Harald SCHNEIDER, Li-Juan HE, Jeannine MARQUARDT, Li WANG, Jochen HEINRICHS, Sabine HENNEQUIN, Xian-Chun ZHANG
    2013, 51 (1): 61-70.
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    The origin of the latitudinal biodiversity gradient has been studied using various approaches. Here, we employ a comparative phylogenetic approach to infer evidence for the hypothesis that differences in diversification rates are one of the main factors contributing to the assembly of this gradient. We infer the phylogeny of the two sister genera Phegopteris and Pseudophegopteris. The two genera are distinct in their species richness (4 vs. 20 spp.) and their preferences to temperate to subtropical (Phegopteris) or tropical climates (Pseudophegopteris). Using sequences of three plastid DNA regions, we confirm the monophyly of each genus and infer the inter- and intra-generic phylogenetic differentiation of the sister clades. We recover evidence for distinct net-diversification rate between the two genera, which may be caused either by a higher extinction risk of temperate Phegopteris or a higher speciation rate of tropical Pseudophegopteris. We discuss our results in the context of our current knowledge on the speciation processes of ferns. We conclude on the crucial influence of other factors such as the rise of the Himalaya on the diversification of these ferns.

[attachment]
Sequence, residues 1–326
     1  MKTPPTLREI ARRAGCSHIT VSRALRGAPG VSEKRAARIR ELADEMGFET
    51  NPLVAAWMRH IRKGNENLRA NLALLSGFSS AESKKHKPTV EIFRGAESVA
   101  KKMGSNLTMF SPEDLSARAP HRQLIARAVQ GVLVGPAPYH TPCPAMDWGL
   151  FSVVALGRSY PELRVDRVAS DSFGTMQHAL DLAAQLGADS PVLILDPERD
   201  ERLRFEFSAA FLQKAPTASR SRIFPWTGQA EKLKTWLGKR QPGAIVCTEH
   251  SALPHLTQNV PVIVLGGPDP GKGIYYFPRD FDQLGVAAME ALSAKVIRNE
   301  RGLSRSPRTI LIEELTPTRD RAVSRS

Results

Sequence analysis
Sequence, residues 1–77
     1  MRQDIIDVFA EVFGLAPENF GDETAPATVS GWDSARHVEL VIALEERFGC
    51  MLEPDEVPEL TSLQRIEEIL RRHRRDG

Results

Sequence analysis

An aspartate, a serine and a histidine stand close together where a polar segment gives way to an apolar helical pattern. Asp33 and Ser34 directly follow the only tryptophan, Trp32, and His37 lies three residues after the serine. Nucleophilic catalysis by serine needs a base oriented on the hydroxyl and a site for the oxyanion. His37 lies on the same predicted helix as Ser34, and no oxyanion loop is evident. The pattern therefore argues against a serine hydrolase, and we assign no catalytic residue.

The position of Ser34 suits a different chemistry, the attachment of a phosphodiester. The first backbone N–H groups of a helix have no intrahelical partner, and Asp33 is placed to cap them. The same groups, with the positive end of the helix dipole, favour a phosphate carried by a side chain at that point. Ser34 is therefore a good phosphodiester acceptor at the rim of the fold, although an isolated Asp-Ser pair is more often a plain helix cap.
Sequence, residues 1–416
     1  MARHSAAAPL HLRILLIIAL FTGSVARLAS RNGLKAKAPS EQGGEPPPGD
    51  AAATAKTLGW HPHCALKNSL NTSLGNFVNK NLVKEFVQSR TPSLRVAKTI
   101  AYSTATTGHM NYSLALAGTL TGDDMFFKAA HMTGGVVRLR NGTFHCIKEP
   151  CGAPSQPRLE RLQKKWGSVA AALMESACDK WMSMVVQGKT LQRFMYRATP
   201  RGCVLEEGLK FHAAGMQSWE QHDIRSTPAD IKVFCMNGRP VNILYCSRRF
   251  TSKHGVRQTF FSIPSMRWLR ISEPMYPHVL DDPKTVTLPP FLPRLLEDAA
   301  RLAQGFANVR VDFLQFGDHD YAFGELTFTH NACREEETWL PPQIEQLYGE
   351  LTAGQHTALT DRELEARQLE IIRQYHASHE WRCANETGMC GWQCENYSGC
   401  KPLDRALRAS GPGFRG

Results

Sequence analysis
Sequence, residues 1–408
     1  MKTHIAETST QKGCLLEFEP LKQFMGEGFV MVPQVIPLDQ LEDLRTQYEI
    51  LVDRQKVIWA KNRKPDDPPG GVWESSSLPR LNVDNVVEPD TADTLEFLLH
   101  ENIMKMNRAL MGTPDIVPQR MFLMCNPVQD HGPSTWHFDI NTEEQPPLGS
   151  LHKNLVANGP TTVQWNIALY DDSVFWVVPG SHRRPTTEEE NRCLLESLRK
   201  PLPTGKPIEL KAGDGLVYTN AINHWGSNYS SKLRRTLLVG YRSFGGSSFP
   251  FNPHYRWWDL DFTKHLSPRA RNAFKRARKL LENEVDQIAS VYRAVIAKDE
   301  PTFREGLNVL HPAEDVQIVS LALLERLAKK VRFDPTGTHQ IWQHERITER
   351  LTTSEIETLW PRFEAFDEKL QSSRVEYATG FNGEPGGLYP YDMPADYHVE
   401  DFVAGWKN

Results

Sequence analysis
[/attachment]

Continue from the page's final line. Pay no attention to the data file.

Jin-Long ZHANG, Nathan G. SWENSON, Sheng-Bin CHEN, Xiao-Juan LIU, Zong-Shan LI,Ji-Hong HUANG,Xiang-Cheng MI,Ke-Ping MA
    2013, 51 (1): 71-85.